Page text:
(adapted from Eat Your Weeds!The Forager's Cookbook, p24)

Blackberry or bramble (Rubus fruticosus agg.) is the king of weeds, whose tasty berries tempt us to put up with its rampant ways. Going brambling is one of the few remaining communal or family foraging activities that draw us into the wild.

In Eat your Weeds! we suggest no fewer than 19 survival attributes that make blackberry an unstoppable weed. Here are three. Blackberry’s backward-pointing spines help the shoots force a way through competing foliage but, as we all know, cannot be withdrawn without tearing your skin. The shoots themselves grow rapidly and put down new roots when they hit land. The ripe fruit is sweet and ‘pippy’, with sturdy seeds that pass through the stomach unharmed, whether of a bird, a wild animal or your own.

Blackberry also has time-honoured medicinal properties, with a focus on its astringency. This refers to the way the plant contracts and dries our tissues, which we may recognise from eating sour things that make our mouth pucker. Herbalists value astringency for strengthening the gums, for treating mouth ulcers and cystitis, and easing diarrhoea. These qualities were known to the ancient Greeks, and we too can benefit from them by boiling up some blackberry leaf tea.

This tea can also be used externally as a hair rinse or as a lotion for easing sunburn and minor burns. See Hedgerow MedicineBackyard Medicine, p35 for more blackberry herbal medicine recipes.

A Scottish riddle

As white as snow. But snow it’s not.
As red as blood. But blood it’s not.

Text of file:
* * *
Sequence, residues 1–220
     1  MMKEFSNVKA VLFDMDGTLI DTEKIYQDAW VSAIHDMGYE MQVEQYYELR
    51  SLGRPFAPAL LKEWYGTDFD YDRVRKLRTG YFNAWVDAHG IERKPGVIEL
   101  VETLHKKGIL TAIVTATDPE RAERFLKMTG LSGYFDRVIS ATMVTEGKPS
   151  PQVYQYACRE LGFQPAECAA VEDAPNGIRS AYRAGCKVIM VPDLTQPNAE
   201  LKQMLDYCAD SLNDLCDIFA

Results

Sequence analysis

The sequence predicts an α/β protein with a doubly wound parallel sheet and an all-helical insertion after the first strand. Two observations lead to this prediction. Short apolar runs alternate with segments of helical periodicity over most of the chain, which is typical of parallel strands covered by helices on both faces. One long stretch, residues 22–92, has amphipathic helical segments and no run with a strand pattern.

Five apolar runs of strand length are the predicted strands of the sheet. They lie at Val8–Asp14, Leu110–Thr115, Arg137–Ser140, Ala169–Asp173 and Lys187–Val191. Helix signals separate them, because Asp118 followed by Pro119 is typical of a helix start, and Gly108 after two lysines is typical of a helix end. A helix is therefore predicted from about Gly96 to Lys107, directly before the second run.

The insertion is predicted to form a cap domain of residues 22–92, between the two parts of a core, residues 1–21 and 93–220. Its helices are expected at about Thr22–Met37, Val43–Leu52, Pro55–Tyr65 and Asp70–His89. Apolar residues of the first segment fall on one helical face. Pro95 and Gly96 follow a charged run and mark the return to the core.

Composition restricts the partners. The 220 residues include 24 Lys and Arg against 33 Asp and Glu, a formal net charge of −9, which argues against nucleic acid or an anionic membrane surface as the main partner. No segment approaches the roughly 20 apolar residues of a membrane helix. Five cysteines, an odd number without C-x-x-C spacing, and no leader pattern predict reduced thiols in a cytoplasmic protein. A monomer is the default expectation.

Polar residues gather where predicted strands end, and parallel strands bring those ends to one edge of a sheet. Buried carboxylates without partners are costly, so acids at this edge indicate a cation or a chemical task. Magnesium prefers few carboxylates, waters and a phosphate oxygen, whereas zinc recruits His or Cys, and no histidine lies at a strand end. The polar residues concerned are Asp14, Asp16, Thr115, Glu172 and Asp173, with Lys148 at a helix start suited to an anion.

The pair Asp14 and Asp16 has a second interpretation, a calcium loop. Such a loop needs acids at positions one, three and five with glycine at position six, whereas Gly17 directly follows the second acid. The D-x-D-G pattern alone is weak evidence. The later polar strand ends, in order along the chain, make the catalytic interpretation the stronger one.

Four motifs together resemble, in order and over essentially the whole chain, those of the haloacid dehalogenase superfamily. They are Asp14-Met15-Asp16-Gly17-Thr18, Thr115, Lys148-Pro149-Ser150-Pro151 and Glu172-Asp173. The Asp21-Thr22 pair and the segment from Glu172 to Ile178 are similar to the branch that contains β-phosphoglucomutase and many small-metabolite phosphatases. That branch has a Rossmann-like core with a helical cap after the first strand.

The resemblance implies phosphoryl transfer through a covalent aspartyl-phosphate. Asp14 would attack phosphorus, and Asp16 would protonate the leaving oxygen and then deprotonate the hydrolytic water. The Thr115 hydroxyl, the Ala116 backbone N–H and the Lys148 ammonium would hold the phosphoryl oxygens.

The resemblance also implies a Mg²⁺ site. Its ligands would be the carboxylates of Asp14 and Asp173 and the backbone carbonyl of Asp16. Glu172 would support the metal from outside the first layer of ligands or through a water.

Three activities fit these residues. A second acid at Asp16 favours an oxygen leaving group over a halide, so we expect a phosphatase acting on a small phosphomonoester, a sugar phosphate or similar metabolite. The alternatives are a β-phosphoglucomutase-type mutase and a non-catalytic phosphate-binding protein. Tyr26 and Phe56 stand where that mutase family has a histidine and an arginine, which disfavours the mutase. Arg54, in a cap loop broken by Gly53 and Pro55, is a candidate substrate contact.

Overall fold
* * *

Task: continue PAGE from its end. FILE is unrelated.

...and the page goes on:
As black as ink. But ink it’s not.
Answer: bramble.
– anon.

It is difficult to overestimate the faith people once had in the healing powers of this plant.
– Maida Silverman, A City Herbal (1977)

Blackberry flummery

Flummeries developed in the 17th century and evolved from an oatmeal-based pudding to more or less any soft-set pudding. This vegan alternative is adapted from a recipe left by Julie’s Australian grandmother, blackberries being an invasive species in Australasia.

Wash 4 cups ripe blackberries.

Combine in a saucepan with 125ml (0.5 cup) hot water and 250g (1.25 cups) sugar, plus a dash of salt and cinnamon.

Bring mixture to a boil, reduce the heat and simmer until contents are slightly syrupy (about 5–8 minutes).

Separately mix 3 tablespoons water and 2 tablespoons cornflour (cornstarch) into a smooth paste.

Blend this paste into the hot blackberry mixture. Stir while cooking until it is thick and slightly translucent (about 3–5 minutes).

Pour into a serving bowl, and serve when cool. This amount serves 6.